Howdy, Stranger!

It looks like you're new here. If you want to get involved, click one of these buttons!





Changes You'd Like To See in the A3

2»

Comments

  • go4davego4dave Posts: 6
    my driving is very aggressive (Las Vegas, has horrible traffic) and with nowhere to really go on the open highway,, it's all stop and GO LIKE HELL!! Anyway, for the first 11,000 miles,,, i got 21.8 mpg in the summer,, (avg temp 107 degrees F) the rest of the year, i got 22.5 mpg. After the Cold Air Intake and APR Flash, (same drive to work) the first summer i got 23.9mpg, and 24.8 mpg the rest of the year. Now this summer,, as gas prices are going up,,,, i think the fuel makers are cheating us on Octane, and quality (also, with the new % of alcohol allowed) my car is getting about 23.5 mpg (but it's been really windy, and HOT so far this summer) But i still believe,, they are Raping us on Quality of fuel at the pumps.
  • jxbst15jxbst15 Posts: 21
    I think the next A3 will correct most if not all of my fusses over the A3...

    -A navigation system worth paying an overinflated price for.
    -A useful USB/iPod integration
    -Aluminum pedals as a standard feature on the sport/S-Line package
    -full leather seats as others mentioned
    -better A/C controls (the click knobs are a pain)
    -better placement of the parking brake
    -turn lights on the rear view mirrors
    -keyless entry/ignition
  • nomowhalenomowhale Posts: 17
    Sorry, you are right. I meant 3.0-liter, double-overhead-cam inline six-cylinder engine that produced 225 horsepower. I like the low end torque on the 2.0T better than on the BMW engine. With the AC on the BMW would struggle a little bit until I got up to 3500 rpms where it would reach its max torque. In my Audi you reach max torque at 1800 rpm and the band stays flat until 5000 rpm. That is impressive.
  • nomowhalenomowhale Posts: 17
    I got 25 mpg on my 530i using 93 Octane with a 75-25 mix of highway and local driving (my best guess). I am hoping for 27 or 28mpg with my A3, but time will tell.
  • shiposhipo Posts: 9,152
    "With the AC on the BMW would struggle a little bit until I got up to 3500 rpms where it would reach its max torque."

    Really? Did you have a manual or an automatic transmission? I ask because I never even felt the presence of the A/C compressor on my 2002 530i 5-Speed.

    Best Regards,.
    Shipo
  • nomowhalenomowhale Posts: 17
    I had the manual. I felt just the slightest hesitation below 2000 rpm with the AC on. I wonder how much the horsepower was reduced at that point with the AC on compared to with it off. If I remember correctly the engine produced 175 lbs of torque at 1800 rpm. My 2004 Jetta had 166lbs of torque at 1800rpm and was a much lighter car. My 530i was lacking a little in low end torque in my opinion.

    I love BMWs. I had a 2001 323i before the 530i and I think the engine was better matched to size and weight of the car--just my opinion. I never had any hesitation with the AC on in that car. I liked the 323i better than the 530i because of the engine and its handling characteristics.
  • shiposhipo Posts: 9,152
    Hmmm, interesting. A couple of points:

    1) I had a 1999 328i 5-Speed prior to my 5er, and I have to admit, while I liked my 530i MUCH better than the 328i, the 3er had better throttle response, errr, at least for a while.

    2) Item #1 isn't completely true. I picked up my 530i in Munich in April of 2002, and while I had the car over in Europe, the throttle response was almost perfect. The only thing I would have changed about the throttle programming Mark 1 was that if I was accelerating up a ramp to the AutoBahn and then partially lifted because of traffic in front of me, and if the current speeds were in excess of 80 mph, the car always felt like it wanted to keep accelerating, forcing me to lift off even further.

    3) When I got the car back to the States, my dealer did me a "favor" by flashing the OBC with the latest code. Gee, thanks for nothing. The Mark 2 programming of the drive by wire software sucked so badly that I nearly got into a couple of accidents. Say I'd be turning left out onto a 4-lane road, and say the hole wasn't all that large; I'd nail it, get into the hole, and then lift off throttle so as to transition from acceleration to steady speed. The OBC would sense a sudden decrease in pedal angle and SHUT DOWN the power like RIGHT NOW, even if I still had some pressure on the gas pedal. The problem only got worse when the A/C was on.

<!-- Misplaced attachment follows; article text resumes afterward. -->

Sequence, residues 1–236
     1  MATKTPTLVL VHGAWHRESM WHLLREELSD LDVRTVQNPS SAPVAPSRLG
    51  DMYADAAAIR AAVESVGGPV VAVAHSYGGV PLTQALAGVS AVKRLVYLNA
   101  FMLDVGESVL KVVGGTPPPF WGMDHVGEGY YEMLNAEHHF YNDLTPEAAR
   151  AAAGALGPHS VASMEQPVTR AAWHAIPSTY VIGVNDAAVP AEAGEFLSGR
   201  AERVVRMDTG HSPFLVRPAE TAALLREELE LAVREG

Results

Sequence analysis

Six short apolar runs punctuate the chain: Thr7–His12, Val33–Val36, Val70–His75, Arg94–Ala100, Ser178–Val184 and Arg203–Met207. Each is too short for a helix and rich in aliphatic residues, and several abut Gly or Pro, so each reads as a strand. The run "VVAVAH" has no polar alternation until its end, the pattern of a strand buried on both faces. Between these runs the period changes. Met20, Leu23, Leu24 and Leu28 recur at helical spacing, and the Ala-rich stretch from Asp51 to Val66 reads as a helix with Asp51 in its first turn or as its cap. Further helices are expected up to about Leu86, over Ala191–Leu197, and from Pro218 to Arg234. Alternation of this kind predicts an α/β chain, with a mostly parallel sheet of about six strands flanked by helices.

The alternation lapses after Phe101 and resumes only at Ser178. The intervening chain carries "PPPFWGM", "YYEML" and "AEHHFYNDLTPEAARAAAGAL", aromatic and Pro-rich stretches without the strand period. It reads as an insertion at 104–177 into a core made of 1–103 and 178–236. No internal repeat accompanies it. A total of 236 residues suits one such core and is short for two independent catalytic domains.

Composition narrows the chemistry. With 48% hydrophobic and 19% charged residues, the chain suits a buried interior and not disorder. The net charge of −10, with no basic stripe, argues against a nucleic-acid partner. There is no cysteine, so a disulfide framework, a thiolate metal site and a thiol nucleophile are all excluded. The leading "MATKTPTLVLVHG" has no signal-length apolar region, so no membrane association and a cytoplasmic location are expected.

4) After hearing from a service technician that, "They all do that" and me responding, "Well, it sure as hell didn't do that in Europe", he looked a bit stunned and went in and checked the release date of the firmware. Sure enough, it was dated right about when my car was delivered to me in the States.

    5) He immediately installed what I'll call the Mark 3 version of the firmware and the problems were immediately solved.

    That was a long way around of suggesting that maybe you had the Mark 2 code as well.

    Back to the A3, the single largest change that I'd love to see in the A3 would be if Audi would humor all of us BMW drivers and switch the car from FWD to RWD. :shades:

    Best Regards,
    Shipo
  • nomowhalenomowhale Posts: 17
    Wow, interesting stuff about your software issues. Perhaps that was my problem. The thing is I never complained to my mechanic in the two years I had the car. I just dealt with it.

    I couldn't agree with you more on the RWD matter. I honestly would not be driving this A3 if the BMW 1-Series was brought over here in a more practical form for where I am in my life. With two young boys (8 and 3), the 128i was an impossibility. The older one ditching his booster seat a few weeks ago was one of the triggers in my decision to trade in the 5 Series. It is amazing how much room those seats take up. The little one will be out of the 5 point harness seat and into a booster in 2 months. I just didn't need such a big car anymore. I actually looked at getting another pre-owned 3 series, but my dealer only had coupes at the price I wanted to pay. I am in enough hot water about this A3 with my wife. If I came home with a 128i I would have been kicked out of the house. I "accidently" bought the A3 and forgot to tell my wife. I have a history with this. I also "accidently" bought my 323i back in 2004 without telling her until after. She had the same reaction both times. She hung up on me when I called her from the car on the way back from the dealer. Boy, was she pissed last week. I got so caught up in the purchase it slipped my mind, and we always talk about big purchases before we do anything. Hopefully, I learned my lesson for my next car.....I doubt it :)